By now everyone has heard about the latest jobs report. I’m going to repeat myself. It isn’t time to cheer. It is time to figure out how to get the millions of Americans who are trying to get work, back to work. We haven’t gotten there yet. There are still more than four job seekers for every job out there. We have to get this economy going. This is a start. It is a good start.
The labor market started off 2012 with a nice surprise. The January 2012 employment situation report from the Bureau of Labor Statistics showed a labor market with all parts seemingly moving in a solid direction. Payroll employment growth of 243,000 was matched by a decrease in the unemployment rate from 8.5 percent to 8.3 percent, strong household employment growth, and a growing share of the population with jobs (after removing the effect of BLS’ annual population reweighting). Furthermore, December’s jobs number was revised upward by 266,000 (which included not only the routine monthly revision of earlier data, but also the annual benchmark revision, updated birth/death model adjustments, and new seasonal adjustment factors).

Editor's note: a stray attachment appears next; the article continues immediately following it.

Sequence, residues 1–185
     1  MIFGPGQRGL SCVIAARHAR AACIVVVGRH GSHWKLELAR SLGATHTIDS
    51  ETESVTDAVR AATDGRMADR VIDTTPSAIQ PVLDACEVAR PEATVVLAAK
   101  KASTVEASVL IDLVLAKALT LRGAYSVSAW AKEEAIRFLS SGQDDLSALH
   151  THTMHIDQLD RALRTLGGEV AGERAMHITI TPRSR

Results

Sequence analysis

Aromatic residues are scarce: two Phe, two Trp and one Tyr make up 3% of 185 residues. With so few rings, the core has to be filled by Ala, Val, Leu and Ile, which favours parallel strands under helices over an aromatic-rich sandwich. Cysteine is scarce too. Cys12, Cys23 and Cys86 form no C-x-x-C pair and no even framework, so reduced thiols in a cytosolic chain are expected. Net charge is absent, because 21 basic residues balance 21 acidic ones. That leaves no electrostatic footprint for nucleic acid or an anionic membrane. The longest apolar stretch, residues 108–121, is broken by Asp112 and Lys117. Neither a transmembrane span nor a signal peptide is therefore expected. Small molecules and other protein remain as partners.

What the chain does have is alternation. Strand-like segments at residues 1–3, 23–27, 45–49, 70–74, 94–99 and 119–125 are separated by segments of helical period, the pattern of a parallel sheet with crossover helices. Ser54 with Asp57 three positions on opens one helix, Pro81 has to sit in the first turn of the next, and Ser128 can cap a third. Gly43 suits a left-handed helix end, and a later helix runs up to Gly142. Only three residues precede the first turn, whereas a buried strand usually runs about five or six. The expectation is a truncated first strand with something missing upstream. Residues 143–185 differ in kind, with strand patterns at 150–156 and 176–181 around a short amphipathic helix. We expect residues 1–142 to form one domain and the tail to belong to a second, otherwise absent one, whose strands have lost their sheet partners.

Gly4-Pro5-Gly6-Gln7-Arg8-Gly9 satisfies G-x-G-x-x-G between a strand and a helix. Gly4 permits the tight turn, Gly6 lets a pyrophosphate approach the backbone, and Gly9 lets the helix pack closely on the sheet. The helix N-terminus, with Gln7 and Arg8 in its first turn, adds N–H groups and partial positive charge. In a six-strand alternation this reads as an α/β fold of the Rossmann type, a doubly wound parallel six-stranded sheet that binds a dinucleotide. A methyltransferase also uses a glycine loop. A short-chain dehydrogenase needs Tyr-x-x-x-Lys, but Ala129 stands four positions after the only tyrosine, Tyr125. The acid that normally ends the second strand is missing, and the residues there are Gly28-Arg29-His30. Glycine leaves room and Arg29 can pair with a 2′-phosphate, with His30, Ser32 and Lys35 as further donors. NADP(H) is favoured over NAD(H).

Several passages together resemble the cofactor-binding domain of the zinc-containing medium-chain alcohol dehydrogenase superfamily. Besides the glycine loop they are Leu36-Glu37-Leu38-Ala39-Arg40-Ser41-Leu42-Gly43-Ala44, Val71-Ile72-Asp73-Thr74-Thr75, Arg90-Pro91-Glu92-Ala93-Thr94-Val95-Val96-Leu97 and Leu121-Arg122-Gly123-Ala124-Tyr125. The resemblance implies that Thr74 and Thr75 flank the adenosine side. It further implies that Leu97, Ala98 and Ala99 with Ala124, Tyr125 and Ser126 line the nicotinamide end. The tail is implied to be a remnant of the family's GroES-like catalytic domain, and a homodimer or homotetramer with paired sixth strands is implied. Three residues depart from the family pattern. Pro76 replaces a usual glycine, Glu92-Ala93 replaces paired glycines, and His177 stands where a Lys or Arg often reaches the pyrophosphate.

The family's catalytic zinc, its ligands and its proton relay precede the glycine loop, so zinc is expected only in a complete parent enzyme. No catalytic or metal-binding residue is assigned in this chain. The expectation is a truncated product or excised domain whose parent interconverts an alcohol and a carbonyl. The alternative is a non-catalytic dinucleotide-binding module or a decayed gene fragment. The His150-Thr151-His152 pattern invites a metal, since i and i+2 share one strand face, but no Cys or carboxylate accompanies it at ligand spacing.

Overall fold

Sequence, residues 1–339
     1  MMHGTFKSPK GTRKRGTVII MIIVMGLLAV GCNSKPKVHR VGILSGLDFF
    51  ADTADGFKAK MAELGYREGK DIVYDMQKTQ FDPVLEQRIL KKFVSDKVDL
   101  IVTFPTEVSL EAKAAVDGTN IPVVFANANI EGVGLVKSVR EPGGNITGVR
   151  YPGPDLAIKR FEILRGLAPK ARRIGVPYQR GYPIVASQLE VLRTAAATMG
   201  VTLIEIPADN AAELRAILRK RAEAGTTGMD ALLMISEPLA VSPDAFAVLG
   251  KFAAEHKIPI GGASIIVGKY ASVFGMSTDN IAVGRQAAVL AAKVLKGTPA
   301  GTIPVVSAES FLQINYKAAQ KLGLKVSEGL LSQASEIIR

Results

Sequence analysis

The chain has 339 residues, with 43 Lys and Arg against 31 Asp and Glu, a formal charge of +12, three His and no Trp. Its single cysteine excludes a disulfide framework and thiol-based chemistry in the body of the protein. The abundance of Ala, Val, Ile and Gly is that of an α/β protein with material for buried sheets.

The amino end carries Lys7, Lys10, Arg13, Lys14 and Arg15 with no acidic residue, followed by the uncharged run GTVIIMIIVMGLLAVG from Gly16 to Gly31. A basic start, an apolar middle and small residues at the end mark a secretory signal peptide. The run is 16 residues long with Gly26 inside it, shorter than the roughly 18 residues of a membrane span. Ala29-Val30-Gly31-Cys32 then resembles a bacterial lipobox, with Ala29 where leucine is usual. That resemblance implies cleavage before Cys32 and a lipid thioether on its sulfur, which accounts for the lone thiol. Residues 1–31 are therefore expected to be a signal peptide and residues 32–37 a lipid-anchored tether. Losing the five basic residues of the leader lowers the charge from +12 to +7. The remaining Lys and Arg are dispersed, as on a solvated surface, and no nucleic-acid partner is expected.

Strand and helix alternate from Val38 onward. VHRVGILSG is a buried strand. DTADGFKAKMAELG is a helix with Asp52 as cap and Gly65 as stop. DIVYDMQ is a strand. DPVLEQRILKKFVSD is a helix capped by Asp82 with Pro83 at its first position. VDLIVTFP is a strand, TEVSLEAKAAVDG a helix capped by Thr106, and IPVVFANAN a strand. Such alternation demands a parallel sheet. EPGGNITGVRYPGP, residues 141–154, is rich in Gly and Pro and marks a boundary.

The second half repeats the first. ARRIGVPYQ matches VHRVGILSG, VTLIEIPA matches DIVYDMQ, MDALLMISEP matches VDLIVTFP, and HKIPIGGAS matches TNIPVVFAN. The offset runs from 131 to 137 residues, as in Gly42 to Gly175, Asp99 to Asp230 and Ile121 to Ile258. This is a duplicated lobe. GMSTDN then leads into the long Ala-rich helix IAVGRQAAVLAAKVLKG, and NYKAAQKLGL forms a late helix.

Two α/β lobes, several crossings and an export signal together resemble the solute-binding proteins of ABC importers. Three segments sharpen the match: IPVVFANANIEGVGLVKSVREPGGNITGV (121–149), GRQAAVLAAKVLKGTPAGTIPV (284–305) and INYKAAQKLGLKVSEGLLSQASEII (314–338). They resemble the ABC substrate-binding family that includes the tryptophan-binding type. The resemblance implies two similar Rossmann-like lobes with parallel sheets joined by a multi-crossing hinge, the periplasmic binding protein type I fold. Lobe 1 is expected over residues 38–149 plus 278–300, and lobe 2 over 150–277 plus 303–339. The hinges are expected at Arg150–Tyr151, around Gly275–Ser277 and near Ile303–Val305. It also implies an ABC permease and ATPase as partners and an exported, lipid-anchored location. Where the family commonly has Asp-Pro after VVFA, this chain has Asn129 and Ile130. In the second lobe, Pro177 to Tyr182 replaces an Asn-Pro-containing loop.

It’s important, though, to keep all this in context. The U.S. labor market started 2012 with fewer jobs than it had 11 years ago in January 2001—a testament to both the enormity of the current labor market crisis as well as the very weak job growth of the 2000–07 business cycle. The jobs deficit is so large that even at January’s growth rate, it would still take until 2019 to get back to full employment. We need reports this strong and stronger for the next several years to get back to a healthy labor market.